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Discussion Starter · #1 ·
I am going to be making my own CO2 Reactor and have a question.

I know if i make it to short the co2 won't get fused in the water and will just be blowing out into the tank but is there any problem with making it to long ?
 

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I've built several and find going simple works for me. Part of that is making sure it is not too small so I go about 19 inches total for 75 gallon and above. I find no loss of pressure as the larger diameter of the pipe passes water better than the smaller tubing diameter. Fittings like elbows do tend to reduce flow though. Mine are built on the original Rex Grigg's plan and it works great including the point of just sticking the tubing through an undersized hole.
 

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PVC reactors can get quite noisy towards the end of the day when the water becomes saturated with o2 and it starts to accumulate in the reactor making a pocket of air that can get noisy.

When it comes down to it, there are many ways to get co2 to the plants, just depends on what your goals are in terms of cost, appearance, and wether or not you like micro bubbles.
 

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Also wondering how much noise does it make?

I would imagine not much?

Cheers,

Larry

On the contrary, I do not hear any noise at all. The reactor sits inside the cabinet and I can't hear anything when closed. If the cabinet is open there's nothing audible unless you put your ear next to the pipe.

This could be because I am not blasting co2 so that it accumulates. It's a nice flow of roughly 1bubble per 2 seconds.

My drop checker turns green in less than 2 hours.

How long is it and what size pipe you using

It's about 30" tall and the PVC is 2".
 

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Discussion Starter · #12 ·
Try this... smaller quiet design, lower water flow and fully saturated CO2 water on the outflow...and self regulating CO2 solenoid, bubble counter not needed.

i was under the impression that the water level should never be low in the reactor so please explain the high/low switch. I have not seen that on a dyi reactor before
 

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i was under the impression that the water level should never be low in the reactor so please explain the high/low switch. I have not seen that on a dyi reactor before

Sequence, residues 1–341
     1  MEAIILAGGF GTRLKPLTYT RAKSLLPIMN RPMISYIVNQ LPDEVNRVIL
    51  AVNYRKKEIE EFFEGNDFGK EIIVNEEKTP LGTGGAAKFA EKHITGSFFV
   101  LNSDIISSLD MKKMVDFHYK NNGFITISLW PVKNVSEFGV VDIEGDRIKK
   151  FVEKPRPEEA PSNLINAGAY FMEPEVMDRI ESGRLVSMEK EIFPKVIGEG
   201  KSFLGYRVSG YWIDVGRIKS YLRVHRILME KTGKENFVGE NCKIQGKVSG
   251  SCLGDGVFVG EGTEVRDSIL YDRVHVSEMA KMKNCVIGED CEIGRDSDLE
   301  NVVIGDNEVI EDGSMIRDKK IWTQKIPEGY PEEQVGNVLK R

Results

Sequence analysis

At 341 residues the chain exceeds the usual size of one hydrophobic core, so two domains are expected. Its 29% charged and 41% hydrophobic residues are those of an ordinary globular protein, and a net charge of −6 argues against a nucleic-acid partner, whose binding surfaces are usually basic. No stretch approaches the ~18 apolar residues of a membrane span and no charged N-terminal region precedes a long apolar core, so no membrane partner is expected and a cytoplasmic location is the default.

The principle of CO2 absorption is that the rate is driven by surface area achieved by a thin liquid film on the media. The other factor is that the liquid film should be rapidly replaced (reasonable water flow) on the media (it has to do with the much slower diffusion of CO2 in water than in air).

This is the same design principle used on industrial CO2 absorbers. Our lungs work on the same general principle too.

The reactor is never really dry as the media with high surface area is constantly being wetted. The CO2 rapidly absorbs and equilibrates with the thin liquid film. The flow of water has to be fast enough to wash out the CO2 saturated water but not too fast to flood the media - which in turn reduces the air-liquid surface area. So the reactor is never truly 'dry' while the pump keeps delivering water.

On the very top - the internal nozzle is paired with a venturi to mix CO2 in the reactor dome with water and spray that out in a coarse spray.

The float switch is a neat way to regulate the delivery of CO2. It keeps the water level from inadvertently rising and choking off the media. The second purpose of the lower water layer is as an air/bubble trap - this eliminates the 7UP effect from your tank.

When the water flow stops CO2 is no longer being absorbed and removed from the reactor and the water level does not trigger the solenoid.

I hope my explanation makes sense...
 
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